oculogyric crisis


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crisis

 [kri´sis] (pl. cri´ses) (L.)
1. the turning point of a disease for better or worse; especially a sudden change, usually for the better, in the course of an acute disease.
2. a sudden paroxysmal intensification of symptoms in the course of a disease.
addisonian crisis (adrenal crisis) the symptoms accompanying an acute onset or worsening of addison's disease: anorexia, vomiting, abdominal pain, apathy, confusion, extreme weakness, and hypotension; if untreated these progress to shock and then death.
aplastic crisis a sickle cell crisis in which there is temporary bone marrow aplasia.
blast crisis a sudden, severe change in the course of chronic granulocytic leukemia, characterized by an increased number of blasts, i.e., myeloblasts or lymphoblasts.
catathymic crisis an isolated, nonrepetitive act of violence that develops as a result of intolerable tension.
celiac crisis an attack of severe watery diarrhea and vomiting producing dehydration and acidosis, sometimes occurring in infants with celiac disease.
developmental crisis maturational crisis.
hemolytic crisis an uncommon sickle cell crisis in which there is acute red blood cell destruction with jaundice.
hypertensive crisis dangerously high blood pressure of acute onset.
identity crisis a period in the psychosocial development of an individual, usually occurring during adolescence, manifested by a loss of the sense of the sameness and historical continuity of one's self, confusion over values, or an inability to accept the role the individual perceives as being expected by society.
life crisis a period of disorganization that occurs when a person meets an obstacle to an important life goal, such as the sudden death of a family member, a difficult family conflict, an incident of domestic violence (spouse or child abuse), a serious accident, loss of a limb, loss of a job, or rape or attempted rape.
maturational crisis a life crisis in which usual coping mechanisms are inadequate in dealing with a stress common to a particular stage in the life cycle or with stress caused by a transition from one stage to another. Called also developmental crisis.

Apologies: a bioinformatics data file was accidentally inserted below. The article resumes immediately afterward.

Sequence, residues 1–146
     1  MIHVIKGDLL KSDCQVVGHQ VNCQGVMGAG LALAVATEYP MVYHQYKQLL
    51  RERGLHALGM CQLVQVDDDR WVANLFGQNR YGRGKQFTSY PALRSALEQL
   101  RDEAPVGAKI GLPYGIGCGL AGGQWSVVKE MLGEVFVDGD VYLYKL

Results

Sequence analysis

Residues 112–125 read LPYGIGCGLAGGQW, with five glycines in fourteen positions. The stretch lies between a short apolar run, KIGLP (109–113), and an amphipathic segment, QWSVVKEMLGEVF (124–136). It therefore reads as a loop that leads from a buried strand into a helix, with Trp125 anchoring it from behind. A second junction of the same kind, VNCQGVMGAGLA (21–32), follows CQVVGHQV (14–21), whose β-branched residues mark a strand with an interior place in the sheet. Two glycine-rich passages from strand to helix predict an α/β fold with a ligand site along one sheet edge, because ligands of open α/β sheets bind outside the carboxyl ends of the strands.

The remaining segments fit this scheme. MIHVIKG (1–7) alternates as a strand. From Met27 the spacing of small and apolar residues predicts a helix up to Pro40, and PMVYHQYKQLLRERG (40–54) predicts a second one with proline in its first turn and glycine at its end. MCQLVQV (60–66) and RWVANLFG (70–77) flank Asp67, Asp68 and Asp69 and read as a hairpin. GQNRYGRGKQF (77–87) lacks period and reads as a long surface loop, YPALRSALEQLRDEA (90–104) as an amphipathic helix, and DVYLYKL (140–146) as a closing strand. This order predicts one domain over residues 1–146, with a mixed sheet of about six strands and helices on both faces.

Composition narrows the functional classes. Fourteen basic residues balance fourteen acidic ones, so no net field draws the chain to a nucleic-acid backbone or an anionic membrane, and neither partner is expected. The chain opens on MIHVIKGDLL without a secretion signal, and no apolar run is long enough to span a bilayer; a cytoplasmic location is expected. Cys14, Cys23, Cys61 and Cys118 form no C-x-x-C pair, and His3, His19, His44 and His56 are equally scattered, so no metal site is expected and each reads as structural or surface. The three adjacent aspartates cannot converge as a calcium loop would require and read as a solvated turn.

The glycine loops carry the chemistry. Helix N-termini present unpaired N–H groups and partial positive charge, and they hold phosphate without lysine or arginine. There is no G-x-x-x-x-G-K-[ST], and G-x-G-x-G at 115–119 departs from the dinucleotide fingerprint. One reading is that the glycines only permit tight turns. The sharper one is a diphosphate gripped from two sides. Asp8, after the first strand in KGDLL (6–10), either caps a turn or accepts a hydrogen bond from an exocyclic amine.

myasthenic crisis the sudden development of dyspnea requiring respiratory support in myasthenia gravis; the crisis is usually transient, lasting several days, and accompanied by fever.
oculogyric crisis a symptom of an acute dystonic reaction in which the person demonstrates a fixed gaze, usually upward; also, the uncontrollable rolling upwards of the eye. It can be a result of encephalitis or a reaction to antipsychotic medications.
salt-losing crisis see salt-losing crisis.
sickle cell crisis see sickle cell crisis.
tabetic crisis a painful paroxysm occurring in tabes dorsalis.
thyroid crisis (thyrotoxic crisis) see thyroid crisis.
vaso-occlusive crisis a sickle cell crisis in which there is severe pain due to infarctions in the bones, joints, lungs, liver, spleen, kidney, eye, or central nervous system.

oculogyric crisis

n.
A spasmodic movement of the eyeballs into a fixed position, usually upward, that persists for several minutes or hours.

oculogyric crisis

[ok′yəlōjī′rik]
Etymology: L, oculus + gyrare, to turn around
a paroxysm in which the eyes are held in a fixed position, usually up and sideways, for minutes or several hours, often occurring in postencephalitic patients with signs of parkinsonism. In some cases the eyes are held down or sideways, and there may be spasm or closing of the lids. Oculogyric crises may be precipitated by emotional stress and neuroleptic overdose, and patients with the disorder frequently show psychiatric symptoms.
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Oculogyric crisis

oculogyric crisis

A sustained, fixed, maximal turning of the eyes in one direction, usually upwards, that persists for periods of minutes or hours. The phenomenon is characteristic of the type of PARKINSONISM that follows ENCEPHALITIS or is induced by drugs.

oculogyric crisis (OCG) 

Sudden involuntary contractions of some eye muscles resulting in repetitive, conjugate ocular deviations, usually, though not always, in an upward direction. The attack or crisis may last from seconds to minutes. It occurs most frequently after the use of neuroleptic medication, but it may be precipitated or accompany, emotional stress, alcohol or general fatigue.
References in periodicals archive ?
Schneider SA, Udani V, Sankhla CS, Bhatia KR Recurrent Acute Dystonic Reaction and Oculogyric Crisis Despite Withdrawal of Dopamine Receptor Blocking Drugs.
Isolated Oculogyric Crisis on Clozapine Discontinuation.
Oculogyric crisis has also been noted as a reaction to other classes of medications as well.
One case report details oculogyric crisis accompanied by torticollis 26 hours following IM administration of haloperidol lactate in a 22-year-old woman enrolled in a study of the effects of neuroleptic medications on stable patients with schizophrenia.